25 Bailey Road, Suite 4

Avon, CT 06001

(860) 478-1536


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Guiding Light Orphans, Inc. is a 501(C) 3 organization. Gifts are deductable to the full extent allowable under the IRS. Our Tax ID is 35-2418087.

© 2019 by Guiding Light Orphans, Inc.

At Guiding Light Orphans (GLO), we strive to improve health and well-being for as many people as possible. But we never forget that we exist because one single life touched another single life in a profound way. 


Therefore, to honor the importance and potential for life-changing good in every individual, we are committed to providing what assistance we can when we encounter someone in unique and special need. We currently have two special projects: Taking care of young Christine Paska and our Girl Empowerment Project. You can read more about each of our special projects below.


GLO’s mission goes beyond supplying medical services. We strive to empower women and girls by giving them an opportunity to learn a trade and equip them with entrepreneurial skills and experience necessary to take concrete steps towards becoming self-sufficient, self- fulfilled, productive members of society.

While GLO initially focused on addressing maternal and child health and other issues by strengthening access to healthcare in a partnership with Masindi Hospital, GLO quickly discovered that poverty was the primary barrier for families to sustain themselves and keep their kids in school. Epileptic patients receiving treatment at GLO clinic were in need of better nutrition and a reliable source of income for their families.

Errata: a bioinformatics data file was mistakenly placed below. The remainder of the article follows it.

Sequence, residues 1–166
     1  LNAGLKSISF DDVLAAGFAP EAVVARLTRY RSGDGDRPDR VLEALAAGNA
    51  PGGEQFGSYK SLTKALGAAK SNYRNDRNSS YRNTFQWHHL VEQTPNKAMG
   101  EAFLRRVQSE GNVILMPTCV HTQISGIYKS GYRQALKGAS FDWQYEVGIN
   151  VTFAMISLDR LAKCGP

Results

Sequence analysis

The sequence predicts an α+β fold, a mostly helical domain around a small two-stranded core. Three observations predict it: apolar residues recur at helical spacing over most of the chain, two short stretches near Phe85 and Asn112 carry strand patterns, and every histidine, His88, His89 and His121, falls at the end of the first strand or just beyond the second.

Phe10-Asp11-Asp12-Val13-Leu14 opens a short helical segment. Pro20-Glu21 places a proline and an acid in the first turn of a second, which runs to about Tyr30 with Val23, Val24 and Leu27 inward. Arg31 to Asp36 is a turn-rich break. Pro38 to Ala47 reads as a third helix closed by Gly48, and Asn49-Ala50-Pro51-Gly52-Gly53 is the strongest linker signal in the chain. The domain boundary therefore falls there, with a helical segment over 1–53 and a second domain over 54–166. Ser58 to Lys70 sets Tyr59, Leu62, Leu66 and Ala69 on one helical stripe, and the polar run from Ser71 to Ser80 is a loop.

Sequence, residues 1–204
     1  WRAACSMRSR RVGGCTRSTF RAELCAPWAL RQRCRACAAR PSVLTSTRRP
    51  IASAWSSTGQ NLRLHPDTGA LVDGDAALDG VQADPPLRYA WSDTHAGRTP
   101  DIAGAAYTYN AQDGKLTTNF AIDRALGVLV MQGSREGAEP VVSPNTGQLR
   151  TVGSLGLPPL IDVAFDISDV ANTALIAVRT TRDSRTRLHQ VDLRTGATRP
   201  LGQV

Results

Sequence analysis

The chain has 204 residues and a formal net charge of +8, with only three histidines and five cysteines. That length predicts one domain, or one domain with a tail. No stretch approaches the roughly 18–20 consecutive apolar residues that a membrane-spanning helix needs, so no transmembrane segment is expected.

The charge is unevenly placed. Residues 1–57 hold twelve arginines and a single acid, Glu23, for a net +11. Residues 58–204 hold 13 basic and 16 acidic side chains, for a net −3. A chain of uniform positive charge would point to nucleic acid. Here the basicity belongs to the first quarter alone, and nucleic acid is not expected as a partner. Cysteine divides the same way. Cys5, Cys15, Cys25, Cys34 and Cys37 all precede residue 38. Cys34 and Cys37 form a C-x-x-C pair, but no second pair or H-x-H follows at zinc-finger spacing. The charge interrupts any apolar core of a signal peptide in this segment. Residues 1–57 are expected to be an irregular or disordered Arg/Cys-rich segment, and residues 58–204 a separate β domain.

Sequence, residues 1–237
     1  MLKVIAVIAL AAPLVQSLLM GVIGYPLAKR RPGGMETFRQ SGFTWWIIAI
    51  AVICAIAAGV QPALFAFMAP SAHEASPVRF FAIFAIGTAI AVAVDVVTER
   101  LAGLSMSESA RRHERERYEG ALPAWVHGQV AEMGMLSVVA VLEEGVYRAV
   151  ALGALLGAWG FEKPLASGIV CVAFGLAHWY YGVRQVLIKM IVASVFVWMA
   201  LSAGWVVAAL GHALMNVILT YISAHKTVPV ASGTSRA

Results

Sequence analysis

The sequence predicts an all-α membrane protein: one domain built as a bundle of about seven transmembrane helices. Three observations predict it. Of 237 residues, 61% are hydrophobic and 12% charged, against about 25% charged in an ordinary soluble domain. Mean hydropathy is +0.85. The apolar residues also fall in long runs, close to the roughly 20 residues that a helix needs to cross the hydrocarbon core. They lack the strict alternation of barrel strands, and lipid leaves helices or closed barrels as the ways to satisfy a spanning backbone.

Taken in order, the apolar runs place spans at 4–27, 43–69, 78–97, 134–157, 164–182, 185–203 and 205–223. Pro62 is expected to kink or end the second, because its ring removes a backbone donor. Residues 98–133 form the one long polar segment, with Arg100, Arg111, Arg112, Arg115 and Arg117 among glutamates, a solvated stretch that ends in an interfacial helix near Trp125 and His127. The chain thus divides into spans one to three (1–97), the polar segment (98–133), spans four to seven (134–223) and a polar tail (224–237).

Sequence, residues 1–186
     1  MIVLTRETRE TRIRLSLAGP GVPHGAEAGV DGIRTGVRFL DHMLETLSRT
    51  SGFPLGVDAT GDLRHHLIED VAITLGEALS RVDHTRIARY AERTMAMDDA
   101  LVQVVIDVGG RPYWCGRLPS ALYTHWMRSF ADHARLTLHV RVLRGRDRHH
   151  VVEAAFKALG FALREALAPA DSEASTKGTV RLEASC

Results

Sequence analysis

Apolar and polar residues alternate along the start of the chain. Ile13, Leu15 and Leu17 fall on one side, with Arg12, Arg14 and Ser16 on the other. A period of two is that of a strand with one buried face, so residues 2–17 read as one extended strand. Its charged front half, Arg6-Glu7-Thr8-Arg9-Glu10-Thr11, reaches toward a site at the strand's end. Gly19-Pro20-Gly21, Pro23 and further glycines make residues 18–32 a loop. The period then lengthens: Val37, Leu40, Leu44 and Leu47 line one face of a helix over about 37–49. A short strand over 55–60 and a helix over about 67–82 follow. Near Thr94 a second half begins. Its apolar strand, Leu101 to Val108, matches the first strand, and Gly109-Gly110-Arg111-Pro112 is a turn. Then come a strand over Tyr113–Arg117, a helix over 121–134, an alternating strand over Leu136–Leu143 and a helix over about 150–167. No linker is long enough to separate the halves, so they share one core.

High school girls missed out on school at least one week every month because of their menstrual cycles. Monthly menstruation means that thousands of school girls in Uganda skip up to 20% of class time with more than half of them dropping out before taking their primary school exiting examinations. ​The lack of sanitary supplies, coupled with other factors like the absence of clean water or sanitary facilities for girls in many schools, is responsible for the drop-out rate which even affects for those living on less than $2.00/ day. They simply cannot afford to buy mainstream sanitary products due to the extreme poverty which puts the girls at risk of school dropout, early marriages, or social marginalization. The worst case scenario is for a girl to stay at home from school because they have no access to anything. At-risk women and girls are more likely to drop out of school due to lack of educational supplies like uniforms, early pregnancy, or diseases. Women and girls' have no access to individual interests or career goals; or industry-specific vocational training programs. 

Upwards of 10,000 young women and girls in Nyantonzi Parish of Uganda are disconnected with no mentorship programs, no vocational training and ill-prepared for work or higher education.

After a four year successful program of recruiting, training, equipping and supporting our Community Health Workers who have become our eyes and ears in transforming Nyantonzi Parish, we believe it is time to apply these same skills, experience and passion towards helping a larger percentage of our disconnected women and girls forge positive futures.

The SHE GLO’s project provides a comprehensive Vocational Enterprise Training program linking education, meaningful employment, and mentoring for Nyantonzi Community’s most at risk adolescents. We believe that substantive, supported life skills can bepowerful catalysts.

SHE GLO’s will play a unique role in the landscape of services available to adolescents from Nyantonzi hard to reach under-resourced villages. 

Supported, individually tailored internships, job readiness training, job placements and partnerships, micro-business development, group savings and loans, can be critical in building women and girls' motivation to pursue higher education and better employment.


With your generous donations, we can solve a monthly challenge with a sustainable solution for girls to stay in school with wash and dry reusable pads and underwear for an entire year.


We also want to provide them with the uniforms, school supplies, and tuition that their families don’t have the money for. We want to give them whatever they need to stay in school and hopefully escape the poverty they live in with the goal of them becoming productive and successful in their futures.